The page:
Pious Ali
Portland City Councilor Pious Ali in City Council Chambers in City Hall: "I think that elected office is an elevated platform and an elevated opportunity to look at ... the type of community I want to live in." (Portland Phoenix/Jim Neuger)
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Pious Ali spends a lot of time in coffee shops. The irony is that he barely drinks coffee.

In an interview last weekend, the two-term at-large councilor and mayor pro tem of the council said he gave up coffee during the coronavirus pandemic but still likes to hold meetings in informal, public settings like Coffee By Design on India Street. He said he prefers this shop to the larger, busier one on Diamond Street.

“It’s easy for me to sit here and do my work or meet with people,” Ali said.

Beyond being Portland’s longest-tenured city councilor, Ali, 52, is a well-known public advocate and voice for its immigrant communities.

Originally from Ghana, where he worked as a photojournalist, Ali came to the United States in 2000 and arrived in New York. In 2002 he moved to Maine, where he married and started a family. The oldest of his two children will graduate from high school this year.

After settling in Portland, he began work aimed at helping marginalized communities and especially young people from those communities. He worked with the Preble Street Teen Shelter, the Oxford Street Shelter, Seeds of Peace, and with programs in neighborhoods like Kennedy Park, Riverton Park, and Sagamore Village. Eventually, he founded an organization called Maine Interfaith Youth Alliance, which brings kids together to talk about public service.

At the time, Ali said, he had no thoughts about seeking elected office. He had no interest in politics, or at least organized politics. But after prodding from a friend, he “reluctantly” took out papers to run for the School Board in 2013. He said his work involving youth in the community helped him win the seat, and he discovered a calling.

“I was accessible to a lot of people across the city,” Ali said. “Even though I was on the School Board, sometimes I would receive emails from people about city-related issues. Then I would forward the email to whoever I should, or meet with people to talk and help them find solutions to whatever issues they were bringing forward.”

When it came time to decide about seeking reelection, he started weighing whether he should run for the City Council. He said he put out a feeler on social media, and the outpouring of positive responses was “overwhelming.”

“At the core of what I do, I think that elected office is an elevated platform and an elevated opportunity to look at some things or the way I look at the world, the type of community I want to live in,” Ali said. “Being on the council gives me the opportunity to look at things through the lens that I want to see.

“How can we bring people who are on the extreme end of every issue together and talk about these issues? How can we bring people who traditionally do not have access to power access to that decision-making table, who the system does not engage when the system is making a decision? How can we equitably share opportunities that this amazing city brings forward?”

‘I don’t count scores’

Ali, who is up for reelection this fall, said he views the council as collective work, so he doesn’t focus on individual issues he might want to bring forward. He said every issue the council works on, whether he supports it or not, is important: either it has to happen, or it’s important for someone to stand up in opposition.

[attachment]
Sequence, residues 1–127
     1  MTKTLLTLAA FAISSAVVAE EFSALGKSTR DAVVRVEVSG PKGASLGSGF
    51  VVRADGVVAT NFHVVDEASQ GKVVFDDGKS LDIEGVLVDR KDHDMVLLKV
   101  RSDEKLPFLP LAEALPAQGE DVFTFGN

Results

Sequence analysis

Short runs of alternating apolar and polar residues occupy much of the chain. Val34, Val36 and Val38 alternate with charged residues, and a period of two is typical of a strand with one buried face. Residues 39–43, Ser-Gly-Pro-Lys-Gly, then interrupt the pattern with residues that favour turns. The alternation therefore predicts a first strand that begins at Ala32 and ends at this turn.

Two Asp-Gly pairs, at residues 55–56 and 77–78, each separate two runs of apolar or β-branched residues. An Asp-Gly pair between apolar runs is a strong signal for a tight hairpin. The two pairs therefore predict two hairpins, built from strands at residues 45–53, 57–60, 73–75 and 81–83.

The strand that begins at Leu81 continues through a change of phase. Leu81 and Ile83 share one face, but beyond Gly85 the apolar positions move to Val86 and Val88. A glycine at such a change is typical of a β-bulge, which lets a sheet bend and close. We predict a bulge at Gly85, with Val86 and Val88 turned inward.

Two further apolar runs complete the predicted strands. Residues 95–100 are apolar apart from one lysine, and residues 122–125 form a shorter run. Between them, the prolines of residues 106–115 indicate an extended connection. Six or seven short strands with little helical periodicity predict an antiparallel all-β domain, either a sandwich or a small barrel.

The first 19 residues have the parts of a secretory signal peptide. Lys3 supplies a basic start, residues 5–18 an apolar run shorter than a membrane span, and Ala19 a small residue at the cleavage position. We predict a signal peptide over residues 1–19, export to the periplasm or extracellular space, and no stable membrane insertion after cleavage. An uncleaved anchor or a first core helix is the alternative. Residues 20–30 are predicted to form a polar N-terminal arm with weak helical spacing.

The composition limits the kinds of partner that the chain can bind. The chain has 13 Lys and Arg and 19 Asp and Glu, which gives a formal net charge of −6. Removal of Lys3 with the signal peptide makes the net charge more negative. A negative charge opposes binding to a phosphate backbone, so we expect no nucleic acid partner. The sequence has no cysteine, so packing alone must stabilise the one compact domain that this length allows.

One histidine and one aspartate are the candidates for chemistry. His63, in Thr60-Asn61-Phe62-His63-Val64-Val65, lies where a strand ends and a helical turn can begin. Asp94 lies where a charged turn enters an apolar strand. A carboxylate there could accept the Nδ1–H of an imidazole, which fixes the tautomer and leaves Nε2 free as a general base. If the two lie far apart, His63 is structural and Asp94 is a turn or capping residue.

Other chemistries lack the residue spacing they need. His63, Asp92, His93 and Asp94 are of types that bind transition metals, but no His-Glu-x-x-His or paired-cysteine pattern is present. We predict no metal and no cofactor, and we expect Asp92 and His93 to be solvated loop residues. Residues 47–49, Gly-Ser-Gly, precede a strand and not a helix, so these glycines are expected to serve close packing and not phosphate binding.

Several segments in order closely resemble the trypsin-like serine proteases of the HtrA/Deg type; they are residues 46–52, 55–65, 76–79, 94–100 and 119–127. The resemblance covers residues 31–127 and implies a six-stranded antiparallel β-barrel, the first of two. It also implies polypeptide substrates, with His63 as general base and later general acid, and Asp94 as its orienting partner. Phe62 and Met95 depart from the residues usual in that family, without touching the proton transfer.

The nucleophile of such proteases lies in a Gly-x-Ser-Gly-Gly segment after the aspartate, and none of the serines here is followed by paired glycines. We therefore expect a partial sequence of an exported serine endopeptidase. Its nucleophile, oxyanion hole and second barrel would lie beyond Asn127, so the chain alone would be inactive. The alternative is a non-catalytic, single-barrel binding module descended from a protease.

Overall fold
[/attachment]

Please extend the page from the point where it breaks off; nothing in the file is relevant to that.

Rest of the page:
“I don’t count scores,” he said. “Even on some of the initiatives I took the lead to bring forward, I would not have been able to do it by myself. So working collectively both with those I agree with and those that I don’t agree with is what I see as success.”

Ali chuckled when asked about a potential campaign for mayor, but didn’t rule it out. He said he’s focused on running for reelection to the council now, although he acknowledged his original goal was to run again for the School Board when he ended up seeking election to the council.

After a long pause, he said the most important thing is to work on what is in front of him now, which is the council agenda.

“I’m a firm believer if things are bound to happen, they will happen,” Ali said. “… When I feel there’s an opening … if I’m bound to do it or if the feeling comes that it’s the right thing for me to do, I will do it.”

Ali said the time he spends in council and committee meetings is worth it. He said everyone is looking for something to fulfill their lives, and for him, it’s public service.

“The work to make things equitable, the work to change things, is not going to go away anytime soon,” he said. “Because there’s always something that needs to be changed or something that needs to be improved on. We’ve come a long way as a country, as a state, and as a city. But we still have a lot of work to do.”

Ali is the first person from the African immigrant community to be elected to office in Portland, and probably in Maine. He said while he was not the first person to run, his victory in 2013 helped create the path to today’s political landscape, where the mayor of South Portland and City Council president of Westbrook are both immigrant women.

‘I love watching him work’

Ali has had many colleagues since his first election in 2013. One of Portland’s longest-serving elected officials, former City Councilor Jill Duson, said he was one of her favorites.

“Pious is a deep, caring soul, and you tap into that every time you interact with him,” Duson, who retired from the council in 2020, said. “He manages to put that together with a commitment to engagement and being involved with our community that I haven’t seen … in anyone else. I try to be a listener myself, but Pious is king of being wholly in front of whoever he’s talking with. I love watching him work.”

Duson said Ali had several areas of policy he worked on or issues he was passionate about while she served with him on the council. She said he was on the committee that worked through finding the Riverside Street location for the city’s upcoming emergency services center.

“His ability to stay in the conversation, no matter how emotional the speakers got, he’s able to listen past the negative energy and the positive energy to see what’s the core of driving people to come talk to the council,” she said.